LEXINGTON, Ky. (April 20, 2020) — "Black in Blue," the feature-length documentary film that tells the untold story of the four University of Kentucky football players who broke the color line in the Southeastern Conference (SEC), will receive its broadcast premiere on Kentucky Educational Television at 9 p.m. tonight (Monday), April 20.
In addition to the April 20 broadcast, the documentary will air on KET and KETKY seven more times over the next two weeks. Viewers can find those air dates here. The film will also be available to public television stations all across America. Viewers outside Kentucky should contact their local PBS station for more information.
"Black in Blue" tells a remarkable story of triumph, tragedy and redemption. A little over 50 years ago, every athlete in every sport at every school in the SEC was white. On Sept. 30, 1967, that changed forever when UK football player Nate Northington entered the game against the Mississippi Rebels and became the first black athlete in the SEC. But Northington’s breakthrough was over-shadowed by tragedy. That morning he learned that his best friend, teammate and fellow civil rights pioneer, Greg Page, had died.
A despondent Northington left the team and UK, but two other black players at Kentucky, Wilbur Hackett and Houston Hogg, picked up the baton of change, facing racism on trips into the South. Ultimately, their courage and the bonds of loyalty between black and white teammates would make Saturdays in the South the most integrated day of the week.
The four remarkable men who broke the color line — Northington, Page, Houston Hogg and Wilbur Hackett — are now honored in a statue that stands outside the UK Football training facility in Lexington. However they are not the only heroes of "Black in Blue." Indeed, it was no fluke that this remarkable achievement happened at Kentucky, where the student newspaper, the university board, the president, the coach and even the governor supported the integration of the SEC, which was at the time the symbol and substance of white supremacy in the South.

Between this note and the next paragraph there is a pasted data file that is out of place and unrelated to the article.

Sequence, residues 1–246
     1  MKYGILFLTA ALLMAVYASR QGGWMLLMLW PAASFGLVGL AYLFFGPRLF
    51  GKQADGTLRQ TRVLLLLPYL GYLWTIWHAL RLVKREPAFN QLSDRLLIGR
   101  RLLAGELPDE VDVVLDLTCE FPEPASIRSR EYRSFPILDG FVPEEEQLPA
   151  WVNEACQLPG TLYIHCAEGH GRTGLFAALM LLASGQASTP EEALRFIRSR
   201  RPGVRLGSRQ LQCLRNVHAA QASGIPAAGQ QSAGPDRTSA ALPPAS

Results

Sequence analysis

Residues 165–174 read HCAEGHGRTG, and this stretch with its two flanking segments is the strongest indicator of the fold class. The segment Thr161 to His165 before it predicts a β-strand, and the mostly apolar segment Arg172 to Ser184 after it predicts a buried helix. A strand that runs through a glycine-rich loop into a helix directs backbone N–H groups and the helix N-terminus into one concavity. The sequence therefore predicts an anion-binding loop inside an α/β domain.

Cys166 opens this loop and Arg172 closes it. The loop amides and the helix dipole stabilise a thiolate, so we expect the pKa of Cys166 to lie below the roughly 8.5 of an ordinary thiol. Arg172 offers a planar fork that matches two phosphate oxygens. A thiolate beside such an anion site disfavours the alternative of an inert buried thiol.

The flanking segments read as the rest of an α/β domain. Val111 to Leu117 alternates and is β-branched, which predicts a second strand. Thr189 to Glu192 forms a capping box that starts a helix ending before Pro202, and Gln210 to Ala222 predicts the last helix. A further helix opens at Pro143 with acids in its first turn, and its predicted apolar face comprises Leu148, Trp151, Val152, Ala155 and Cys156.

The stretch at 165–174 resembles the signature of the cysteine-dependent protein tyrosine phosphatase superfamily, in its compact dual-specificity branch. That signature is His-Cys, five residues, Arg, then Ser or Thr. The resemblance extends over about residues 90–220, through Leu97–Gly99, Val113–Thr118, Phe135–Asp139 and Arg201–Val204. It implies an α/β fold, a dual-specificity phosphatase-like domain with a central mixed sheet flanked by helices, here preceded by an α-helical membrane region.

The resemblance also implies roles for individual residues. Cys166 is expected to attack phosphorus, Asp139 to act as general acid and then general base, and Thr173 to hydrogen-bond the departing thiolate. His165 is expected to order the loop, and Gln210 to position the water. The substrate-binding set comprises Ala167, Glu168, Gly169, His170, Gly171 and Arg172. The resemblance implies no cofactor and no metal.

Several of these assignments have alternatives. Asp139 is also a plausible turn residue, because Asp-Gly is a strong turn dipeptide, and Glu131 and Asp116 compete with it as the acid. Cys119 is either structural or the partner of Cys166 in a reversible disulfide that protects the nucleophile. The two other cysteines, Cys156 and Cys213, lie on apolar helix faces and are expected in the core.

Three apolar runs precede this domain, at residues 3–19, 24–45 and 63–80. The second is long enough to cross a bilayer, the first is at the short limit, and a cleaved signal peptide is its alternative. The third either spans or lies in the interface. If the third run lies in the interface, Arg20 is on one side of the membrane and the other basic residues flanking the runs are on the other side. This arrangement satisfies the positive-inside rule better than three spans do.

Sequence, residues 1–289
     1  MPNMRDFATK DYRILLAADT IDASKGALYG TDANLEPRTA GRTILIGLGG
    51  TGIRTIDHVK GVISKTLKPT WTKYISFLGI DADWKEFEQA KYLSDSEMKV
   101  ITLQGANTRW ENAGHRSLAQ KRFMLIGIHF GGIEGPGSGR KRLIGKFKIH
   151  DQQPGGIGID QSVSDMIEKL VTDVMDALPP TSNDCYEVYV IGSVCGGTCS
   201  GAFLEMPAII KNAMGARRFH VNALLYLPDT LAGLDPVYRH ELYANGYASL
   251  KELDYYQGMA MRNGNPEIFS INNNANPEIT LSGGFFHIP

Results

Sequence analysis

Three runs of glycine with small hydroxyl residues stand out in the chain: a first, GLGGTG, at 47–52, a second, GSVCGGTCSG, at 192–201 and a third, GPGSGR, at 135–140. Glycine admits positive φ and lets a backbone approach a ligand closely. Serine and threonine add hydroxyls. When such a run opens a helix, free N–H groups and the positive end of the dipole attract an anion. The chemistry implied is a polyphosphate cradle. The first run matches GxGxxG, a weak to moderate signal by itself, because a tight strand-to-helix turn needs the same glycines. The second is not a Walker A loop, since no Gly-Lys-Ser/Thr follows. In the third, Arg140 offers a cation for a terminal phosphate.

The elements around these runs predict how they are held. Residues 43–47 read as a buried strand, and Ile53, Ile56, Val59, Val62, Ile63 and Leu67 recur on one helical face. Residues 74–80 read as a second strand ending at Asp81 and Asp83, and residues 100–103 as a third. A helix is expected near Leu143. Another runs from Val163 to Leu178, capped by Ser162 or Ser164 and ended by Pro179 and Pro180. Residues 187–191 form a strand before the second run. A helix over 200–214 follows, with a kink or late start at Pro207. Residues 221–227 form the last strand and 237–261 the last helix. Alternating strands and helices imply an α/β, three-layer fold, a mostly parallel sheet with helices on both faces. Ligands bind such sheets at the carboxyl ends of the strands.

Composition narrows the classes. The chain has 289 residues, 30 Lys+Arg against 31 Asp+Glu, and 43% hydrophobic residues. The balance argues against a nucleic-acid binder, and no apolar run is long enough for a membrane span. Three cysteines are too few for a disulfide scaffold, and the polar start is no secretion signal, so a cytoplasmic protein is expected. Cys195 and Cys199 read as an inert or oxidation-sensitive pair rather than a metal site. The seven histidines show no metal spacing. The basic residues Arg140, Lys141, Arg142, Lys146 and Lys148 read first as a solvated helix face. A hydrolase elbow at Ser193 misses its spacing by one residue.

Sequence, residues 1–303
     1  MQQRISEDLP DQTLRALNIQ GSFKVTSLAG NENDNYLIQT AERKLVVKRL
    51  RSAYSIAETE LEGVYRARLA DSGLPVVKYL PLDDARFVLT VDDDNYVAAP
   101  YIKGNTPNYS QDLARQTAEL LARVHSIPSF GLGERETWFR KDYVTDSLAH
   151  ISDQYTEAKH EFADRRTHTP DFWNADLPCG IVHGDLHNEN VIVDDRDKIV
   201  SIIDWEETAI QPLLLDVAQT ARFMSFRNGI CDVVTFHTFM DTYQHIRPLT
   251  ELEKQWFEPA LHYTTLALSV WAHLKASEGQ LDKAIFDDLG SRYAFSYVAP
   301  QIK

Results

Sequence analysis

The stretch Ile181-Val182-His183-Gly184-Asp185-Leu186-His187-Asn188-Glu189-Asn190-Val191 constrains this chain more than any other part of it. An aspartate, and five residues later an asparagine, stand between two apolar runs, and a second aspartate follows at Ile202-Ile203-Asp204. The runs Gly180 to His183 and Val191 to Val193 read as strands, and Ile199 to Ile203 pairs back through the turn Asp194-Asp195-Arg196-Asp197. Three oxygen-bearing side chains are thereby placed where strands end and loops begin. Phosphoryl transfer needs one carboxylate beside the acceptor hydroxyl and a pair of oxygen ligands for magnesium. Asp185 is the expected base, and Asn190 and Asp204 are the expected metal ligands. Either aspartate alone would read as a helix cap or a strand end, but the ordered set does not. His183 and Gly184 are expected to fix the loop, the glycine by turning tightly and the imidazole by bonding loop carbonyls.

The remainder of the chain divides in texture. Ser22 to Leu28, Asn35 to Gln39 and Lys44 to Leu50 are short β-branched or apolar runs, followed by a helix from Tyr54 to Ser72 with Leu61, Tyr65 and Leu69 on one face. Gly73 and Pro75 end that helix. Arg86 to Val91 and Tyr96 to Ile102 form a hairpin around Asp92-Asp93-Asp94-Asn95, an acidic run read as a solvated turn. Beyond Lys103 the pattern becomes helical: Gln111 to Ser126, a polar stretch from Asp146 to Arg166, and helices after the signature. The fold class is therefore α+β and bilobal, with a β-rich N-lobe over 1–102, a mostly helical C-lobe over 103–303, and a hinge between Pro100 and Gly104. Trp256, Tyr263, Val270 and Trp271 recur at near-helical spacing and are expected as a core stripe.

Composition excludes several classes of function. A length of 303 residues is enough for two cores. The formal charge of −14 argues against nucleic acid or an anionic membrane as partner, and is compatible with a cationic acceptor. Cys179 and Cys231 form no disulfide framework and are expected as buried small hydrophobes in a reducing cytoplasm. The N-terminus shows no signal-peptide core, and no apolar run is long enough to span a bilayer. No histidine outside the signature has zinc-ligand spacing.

"Black in Blue" was directed by Academy Award-winning filmmaker and UK graduate Paul Wagner and executive produced by former UK quarterback Paul Karem. The film has an original gospel music score by Kentucky’s own Linkin’ Bridge.
"Black in Blue" is produced by American Focus, a nonprofit organization dedicated to the creation of films about important stories in American life.
For more information visit www,BlackinBlue.org.
The University of Kentucky is increasingly the first choice for students, faculty and staff to pursue their passions and their professional goals. In the last two years, Forbes has named UK among the best employers for diversity, and INSIGHT into Diversity recognized us as a Diversity Champion four years running. UK is ranked among the top 30 campuses in the nation for LGBTQ* inclusion and safety. UK has been judged a “Great College to Work for" three years in a row, and UK is among only 22 universities in the country on Forbes' list of "America's Best Employers." We are ranked among the top 10 percent of public institutions for research expenditures — a tangible symbol of our breadth and depth as a university focused on discovery that changes lives and communities. And our patients know and appreciate the fact that UK HealthCare has been named the state’s top hospital for five straight years. Accolades and honors are great. But they are more important for what they represent: the idea that creating a community of belonging and commitment to excellence is how we honor our mission to be not simply the University of Kentucky, but the University for Kentucky.